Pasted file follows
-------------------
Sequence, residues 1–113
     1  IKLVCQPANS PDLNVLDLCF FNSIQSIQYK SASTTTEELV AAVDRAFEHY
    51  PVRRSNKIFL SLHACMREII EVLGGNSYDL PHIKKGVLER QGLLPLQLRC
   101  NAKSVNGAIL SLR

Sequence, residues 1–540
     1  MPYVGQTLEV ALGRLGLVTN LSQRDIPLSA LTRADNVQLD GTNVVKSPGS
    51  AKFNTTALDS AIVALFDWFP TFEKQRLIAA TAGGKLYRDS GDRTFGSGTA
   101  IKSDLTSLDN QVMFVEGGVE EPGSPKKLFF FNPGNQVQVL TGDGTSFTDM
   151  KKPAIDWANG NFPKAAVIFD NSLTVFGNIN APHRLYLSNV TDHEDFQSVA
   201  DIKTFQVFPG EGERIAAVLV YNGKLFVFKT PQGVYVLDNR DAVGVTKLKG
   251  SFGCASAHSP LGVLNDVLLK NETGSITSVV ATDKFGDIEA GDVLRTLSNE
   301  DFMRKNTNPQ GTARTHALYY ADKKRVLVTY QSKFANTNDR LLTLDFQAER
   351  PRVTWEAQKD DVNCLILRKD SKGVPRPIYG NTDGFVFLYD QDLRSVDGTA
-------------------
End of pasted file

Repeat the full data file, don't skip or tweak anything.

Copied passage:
Sequence, residues 1–113
     1  IKLVCQPANS PDLNVLDLCF FNSIQSIQYK SASTTTEELV AAVDRAFEHY
    51  PVRRSNKIFL SLHACMREII EVLGGNSYDL PHIKKGVLER QGLLPLQLRC
   101  NAKSVNGAIL SLR

Sequence, residues 1–540
     1  MPYVGQTLEV ALGRLGLVTN LSQRDIPLSA LTRADNVQLD GTNVVKSPGS
    51  AKFNTTALDS AIVALFDWFP TFEKQRLIAA TAGGKLYRDS GDRTFGSGTA
   101  IKSDLTSLDN QVMFVEGGVE EPGSPKKLFF FNPGNQVQVL TGDGTSFTDM
   151  KKPAIDWANG NFPKAAVIFD NSLTVFGNIN APHRLYLSNV TDHEDFQSVA
   201  DIKTFQVFPG EGERIAAVLV YNGKLFVFKT PQGVYVLDNR DAVGVTKLKG
   251  SFGCASAHSP LGVLNDVLLK NETGSITSVV ATDKFGDIEA GDVLRTLSNE
   301  DFMRKNTNPQ GTARTHALYY ADKKRVLVTY QSKFANTNDR LLTLDFQAER
   351  PRVTWEAQKD DVNCLILRKD SKGVPRPIYG NTDGFVFLYD QDLRSVDGTA